Investors are paying hefty fees for mutual funds that bill themselves as actively managed but in large part are mimicking a benchmark stock index.
Since the height of the U.S. financial crisis, more funds are playing it safe, hugging their benchmarks and sometimes earning the unwanted reputation as "closet indexers."
About one-third of U.S. mutual fund assets, amounting to several trillion dollars, are with closet indexers, according to research published last year by Antti Petajisto, a former Yale University professor who now works for BlackRock Inc.
In general, Petajisto defines a closet indexer as a fund with less than 60 percent of its investments differing from its benchmark.
"The performance of closet indexers has been predictably poor: They largely just match their benchmark index returns before fees, so after fees, they lag behind their benchmarks by approximately the amount of their fees," Petajisto said in his study published last year in the Financial Analysts Journal.
For example, the $5.3 billion ClearBridge Appreciation Fund largely follows the Standard & Poor's 500 stock index and charges a minimum fee of 0.61 percent, compared with 0.10 percent or lower for an unmanaged index fund.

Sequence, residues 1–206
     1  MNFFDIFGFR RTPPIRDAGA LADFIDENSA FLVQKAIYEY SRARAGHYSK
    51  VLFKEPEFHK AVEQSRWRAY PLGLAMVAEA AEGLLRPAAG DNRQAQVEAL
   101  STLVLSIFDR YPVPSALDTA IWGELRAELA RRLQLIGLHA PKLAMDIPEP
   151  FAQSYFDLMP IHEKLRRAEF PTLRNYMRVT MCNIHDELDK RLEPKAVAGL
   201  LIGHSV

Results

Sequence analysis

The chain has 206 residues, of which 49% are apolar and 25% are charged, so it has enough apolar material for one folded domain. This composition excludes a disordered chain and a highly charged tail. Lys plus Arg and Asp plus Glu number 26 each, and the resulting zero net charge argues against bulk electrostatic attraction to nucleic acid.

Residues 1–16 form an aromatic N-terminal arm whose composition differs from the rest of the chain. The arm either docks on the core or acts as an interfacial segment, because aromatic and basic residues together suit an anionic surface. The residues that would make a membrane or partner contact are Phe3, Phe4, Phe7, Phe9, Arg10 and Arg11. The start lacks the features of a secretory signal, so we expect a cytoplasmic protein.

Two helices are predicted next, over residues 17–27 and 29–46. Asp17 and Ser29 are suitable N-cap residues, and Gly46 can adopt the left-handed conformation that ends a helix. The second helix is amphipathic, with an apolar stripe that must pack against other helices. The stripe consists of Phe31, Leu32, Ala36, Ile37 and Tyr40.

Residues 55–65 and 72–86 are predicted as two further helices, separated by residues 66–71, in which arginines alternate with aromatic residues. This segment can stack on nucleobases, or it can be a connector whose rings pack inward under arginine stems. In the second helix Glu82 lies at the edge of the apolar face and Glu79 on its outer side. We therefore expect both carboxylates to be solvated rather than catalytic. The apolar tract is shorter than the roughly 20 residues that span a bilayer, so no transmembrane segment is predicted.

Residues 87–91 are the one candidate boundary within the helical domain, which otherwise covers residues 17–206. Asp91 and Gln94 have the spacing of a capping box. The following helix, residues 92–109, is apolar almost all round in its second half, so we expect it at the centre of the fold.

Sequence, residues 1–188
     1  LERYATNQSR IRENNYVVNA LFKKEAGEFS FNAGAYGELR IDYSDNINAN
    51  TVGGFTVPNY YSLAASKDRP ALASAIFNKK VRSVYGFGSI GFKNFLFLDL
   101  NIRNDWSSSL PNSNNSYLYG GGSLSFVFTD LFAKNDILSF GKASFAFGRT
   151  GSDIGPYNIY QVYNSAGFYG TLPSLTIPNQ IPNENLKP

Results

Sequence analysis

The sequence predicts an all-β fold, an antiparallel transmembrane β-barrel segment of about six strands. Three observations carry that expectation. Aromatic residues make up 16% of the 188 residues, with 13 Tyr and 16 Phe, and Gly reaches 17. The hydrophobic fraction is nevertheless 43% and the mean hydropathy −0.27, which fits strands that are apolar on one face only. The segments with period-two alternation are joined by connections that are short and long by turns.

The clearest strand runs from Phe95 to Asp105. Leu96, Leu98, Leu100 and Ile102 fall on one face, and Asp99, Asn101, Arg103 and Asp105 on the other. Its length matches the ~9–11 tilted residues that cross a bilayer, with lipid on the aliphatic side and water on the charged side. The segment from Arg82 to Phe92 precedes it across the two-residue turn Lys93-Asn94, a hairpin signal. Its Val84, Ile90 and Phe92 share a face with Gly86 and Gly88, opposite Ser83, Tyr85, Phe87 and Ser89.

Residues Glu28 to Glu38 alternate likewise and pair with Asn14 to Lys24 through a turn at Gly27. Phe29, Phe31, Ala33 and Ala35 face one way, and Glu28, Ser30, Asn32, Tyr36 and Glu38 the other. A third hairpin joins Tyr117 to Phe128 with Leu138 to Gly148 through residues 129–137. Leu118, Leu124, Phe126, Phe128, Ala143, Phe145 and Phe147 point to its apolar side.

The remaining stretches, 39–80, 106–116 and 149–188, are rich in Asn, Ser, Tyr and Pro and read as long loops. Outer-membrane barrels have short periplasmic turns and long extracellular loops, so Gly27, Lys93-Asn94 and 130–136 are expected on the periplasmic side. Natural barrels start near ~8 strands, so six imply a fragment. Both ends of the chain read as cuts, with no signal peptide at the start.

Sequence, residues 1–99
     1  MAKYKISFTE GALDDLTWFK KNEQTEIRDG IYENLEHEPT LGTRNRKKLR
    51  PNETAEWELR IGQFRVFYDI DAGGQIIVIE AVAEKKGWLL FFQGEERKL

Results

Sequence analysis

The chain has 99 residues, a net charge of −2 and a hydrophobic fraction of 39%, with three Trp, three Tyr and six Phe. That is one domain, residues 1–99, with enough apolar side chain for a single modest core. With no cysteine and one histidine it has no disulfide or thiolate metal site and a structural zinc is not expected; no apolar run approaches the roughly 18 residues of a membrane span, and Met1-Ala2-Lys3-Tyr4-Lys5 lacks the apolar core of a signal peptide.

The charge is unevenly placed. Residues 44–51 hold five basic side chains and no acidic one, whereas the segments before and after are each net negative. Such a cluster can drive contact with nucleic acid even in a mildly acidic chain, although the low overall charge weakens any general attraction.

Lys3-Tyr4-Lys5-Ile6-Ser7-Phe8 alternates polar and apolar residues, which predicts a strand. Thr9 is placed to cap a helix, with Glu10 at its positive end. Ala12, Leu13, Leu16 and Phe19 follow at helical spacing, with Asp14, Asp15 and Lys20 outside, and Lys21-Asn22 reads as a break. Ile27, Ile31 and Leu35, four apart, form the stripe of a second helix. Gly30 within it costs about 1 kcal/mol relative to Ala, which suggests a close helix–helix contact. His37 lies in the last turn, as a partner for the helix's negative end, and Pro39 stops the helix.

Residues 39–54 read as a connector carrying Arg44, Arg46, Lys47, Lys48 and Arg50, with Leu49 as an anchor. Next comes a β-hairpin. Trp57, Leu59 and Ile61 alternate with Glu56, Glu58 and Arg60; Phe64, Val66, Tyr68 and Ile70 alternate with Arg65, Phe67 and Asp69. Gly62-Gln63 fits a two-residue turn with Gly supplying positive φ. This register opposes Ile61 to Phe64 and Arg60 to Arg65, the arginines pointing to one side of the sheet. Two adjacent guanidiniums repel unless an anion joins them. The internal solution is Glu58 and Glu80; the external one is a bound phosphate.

One of ClearBridge Appreciation's largest investors is Colorado's Scholars Choice College Savings Program run by Legg Mason, U.S. regulatory filings show. With $3.2 billion in assets, it is one of the largest U.S. college savings plans sold by financial advisers.
The fund's return looks better over a longer period, said Angela Baier, a spokeswoman for the Colorado plan. ClearBridge Appreciation's 10-year return through the end of January was 7.01 percent, compared with the benchmark's 6.83 percent, Morningstar said.